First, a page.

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Change Management

Change Management ­MGMT625
Of all, communication is perhaps the most complex human and organizational phenomenon. So
communication change, what it is intended to achieve or what is involved in the communication process
and the way to communicate is in fact a very complex one. The effective communication of vision,
mission and strategic intent down to lower tiers of or all across organization is not a simple and easier
task. It may be important to clarify and simplify further the priorities of the strategy. One approach is to
emphasise a limited number of key components or aspects of strategy rather than to communicate the
strategy with overall complexity and ramification. The choices of media also vary from employing
techniques such as face-to-face, one-to-one, through routine bulletins and notice boards and circulars
around the organization. The involvement of members of organization in the strategy development
process or planning strategic change is also, in itself is means of communication and can be very
effective. Communication needs to be seen as a two-way process. Feedback on communication is
important, particularly if the changes to be introduced are difficult to understand or threatening or if it is
critically important to get the changes right. One such effective technique to get feed back is through
focus group employed by senior executives to see the implementation and acceptance of change. Another
powerful technique is the use of grapevine (informal communication) which takes the form of gossips,
rumours and storytelling. Now senior executive wants to control and manage the grapevine in the best
interests of the organization.
·  Change Tactics
There are also some very specific tactics of change which might be employed to facilitate change
i) Timings
The importance of timing is often neglected in thinking about strategic change. Timing also refers to
choosing the right time tactically to promote change. For example the greater the degree of change the
more it may be useful to build on actual or perceived crisis. If members of the organization perceive a
higher risk in maintaining the status quo than in changing it, they are more likely to change. Another
important tactic for acceptance or rejection of change is the sequence of events; or how the change is
introduced, piecemeal or as a whole and which should come first and which should come later.
ii) Dismissals, Job Losses and Delayering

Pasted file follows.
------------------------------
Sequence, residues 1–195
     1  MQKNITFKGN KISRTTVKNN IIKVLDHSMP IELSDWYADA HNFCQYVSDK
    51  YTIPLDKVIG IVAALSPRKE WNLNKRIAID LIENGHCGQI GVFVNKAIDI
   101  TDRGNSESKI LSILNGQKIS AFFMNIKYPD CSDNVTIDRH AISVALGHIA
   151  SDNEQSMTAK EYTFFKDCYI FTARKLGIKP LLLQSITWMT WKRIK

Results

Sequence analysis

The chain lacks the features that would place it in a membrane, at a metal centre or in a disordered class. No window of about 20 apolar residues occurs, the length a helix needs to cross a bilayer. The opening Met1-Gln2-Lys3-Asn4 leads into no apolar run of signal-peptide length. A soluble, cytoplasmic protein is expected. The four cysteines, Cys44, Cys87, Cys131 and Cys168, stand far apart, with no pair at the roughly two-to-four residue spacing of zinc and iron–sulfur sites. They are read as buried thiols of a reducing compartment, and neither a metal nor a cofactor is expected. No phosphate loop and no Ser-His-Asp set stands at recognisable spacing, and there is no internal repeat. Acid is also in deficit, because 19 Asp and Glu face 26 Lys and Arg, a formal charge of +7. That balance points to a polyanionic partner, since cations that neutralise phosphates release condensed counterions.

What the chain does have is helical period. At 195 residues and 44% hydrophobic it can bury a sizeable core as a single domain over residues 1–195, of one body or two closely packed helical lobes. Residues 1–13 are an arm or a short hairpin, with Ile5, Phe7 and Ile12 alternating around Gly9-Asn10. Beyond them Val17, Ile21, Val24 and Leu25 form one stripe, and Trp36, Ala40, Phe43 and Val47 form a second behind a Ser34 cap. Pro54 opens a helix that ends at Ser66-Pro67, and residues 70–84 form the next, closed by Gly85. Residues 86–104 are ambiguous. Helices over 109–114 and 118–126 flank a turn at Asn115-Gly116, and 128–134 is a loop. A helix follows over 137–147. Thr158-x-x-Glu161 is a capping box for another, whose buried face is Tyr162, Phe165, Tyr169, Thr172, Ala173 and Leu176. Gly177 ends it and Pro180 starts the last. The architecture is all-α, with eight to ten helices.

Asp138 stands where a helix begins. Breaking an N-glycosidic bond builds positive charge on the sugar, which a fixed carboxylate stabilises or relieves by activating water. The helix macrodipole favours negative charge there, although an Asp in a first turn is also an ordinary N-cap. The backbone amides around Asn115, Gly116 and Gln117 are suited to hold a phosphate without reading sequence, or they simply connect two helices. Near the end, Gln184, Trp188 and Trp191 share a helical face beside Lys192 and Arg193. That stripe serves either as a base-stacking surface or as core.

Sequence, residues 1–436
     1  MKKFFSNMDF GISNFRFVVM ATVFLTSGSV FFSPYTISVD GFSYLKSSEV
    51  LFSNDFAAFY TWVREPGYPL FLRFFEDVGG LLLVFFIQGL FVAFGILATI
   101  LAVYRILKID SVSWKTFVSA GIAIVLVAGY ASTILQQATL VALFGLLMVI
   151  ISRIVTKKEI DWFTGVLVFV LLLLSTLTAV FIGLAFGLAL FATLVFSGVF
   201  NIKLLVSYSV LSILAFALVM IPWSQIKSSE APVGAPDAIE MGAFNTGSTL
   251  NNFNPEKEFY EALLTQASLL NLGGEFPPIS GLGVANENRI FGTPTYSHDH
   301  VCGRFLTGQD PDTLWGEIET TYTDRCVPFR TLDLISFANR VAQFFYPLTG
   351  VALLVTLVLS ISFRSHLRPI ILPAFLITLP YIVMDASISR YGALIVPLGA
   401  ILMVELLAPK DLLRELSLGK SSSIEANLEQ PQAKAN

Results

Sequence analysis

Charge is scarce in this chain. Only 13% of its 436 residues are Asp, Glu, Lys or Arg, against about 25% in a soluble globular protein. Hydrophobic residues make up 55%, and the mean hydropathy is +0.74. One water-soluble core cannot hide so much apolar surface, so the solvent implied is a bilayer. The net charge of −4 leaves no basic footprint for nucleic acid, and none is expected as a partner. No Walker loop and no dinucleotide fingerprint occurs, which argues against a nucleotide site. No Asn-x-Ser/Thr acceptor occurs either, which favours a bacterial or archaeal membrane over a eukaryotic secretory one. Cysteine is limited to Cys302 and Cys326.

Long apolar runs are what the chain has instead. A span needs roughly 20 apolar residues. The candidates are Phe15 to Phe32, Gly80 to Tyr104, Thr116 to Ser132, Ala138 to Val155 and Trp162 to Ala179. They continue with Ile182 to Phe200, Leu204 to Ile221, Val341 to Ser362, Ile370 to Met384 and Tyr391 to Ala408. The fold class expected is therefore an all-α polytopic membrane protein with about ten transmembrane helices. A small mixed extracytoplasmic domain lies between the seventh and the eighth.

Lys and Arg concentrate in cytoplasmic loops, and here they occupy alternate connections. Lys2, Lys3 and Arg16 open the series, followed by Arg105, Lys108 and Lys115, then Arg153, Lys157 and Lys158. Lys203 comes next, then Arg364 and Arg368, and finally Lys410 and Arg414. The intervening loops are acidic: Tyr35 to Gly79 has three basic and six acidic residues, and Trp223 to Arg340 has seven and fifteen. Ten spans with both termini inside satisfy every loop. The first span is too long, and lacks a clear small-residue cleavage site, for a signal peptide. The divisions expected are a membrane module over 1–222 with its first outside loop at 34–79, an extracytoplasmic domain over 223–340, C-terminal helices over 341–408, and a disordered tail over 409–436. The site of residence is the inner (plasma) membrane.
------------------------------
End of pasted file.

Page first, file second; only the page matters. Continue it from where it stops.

Change programmes are often associated with job losses, from the closure of units of the organization,
with hundreds or thousands of job losses, to the removal senior executives or even chief executive. For
example this becomes so especially if the organization is in its drive for automation, resulting in the
removal of the whole layers of management and hierarchy. It was during 1990s when larger MNCs were
going for mergers, restructuring and outsourcing that thousands of employees lost their jobs out of
change in strategy. Therefore the tactical choice of where job losses should take place related to the
change programme
iii) Visible Short Term Wins
Strategy may be conceived of as having to do with long term direction and major decisions. Nonetheless
what is essential is to have the implementation of strategy is that change programme should have
detailed action plans and tasks associated with strategy. For example a retail chain developing a new
store concept and demonstrating its success in the market may need short term wins like the effective
breaking down of working of old ways and the demonstration of better ways; the speeding up of
decisions by doing away with committees and introducing clearly defined job responsibilities, and so
Change Management ­MGMT625
Promoting Winners & Heroes
Change most of the time result in creating either winners or losers. It is not considered win-win for
every one. What is needed by senior leadership is to promote winners and heroes as symbol of high
performers so that this may create a culture of high performance. Success stories are propagated
amongst managers for their mind and behavioural programming and repeat success. This in overall is
considered important tactic in the implementation of strategy.
This lecture is based on Chapter 11, Managing Strategic change of Exploring Corporate Strategy written
by Johnson & Johnson. 10th edition.
For change in organization culture see further www.soi.org
For MOUND model see Alex Miller's book on Strategic Management 4th edition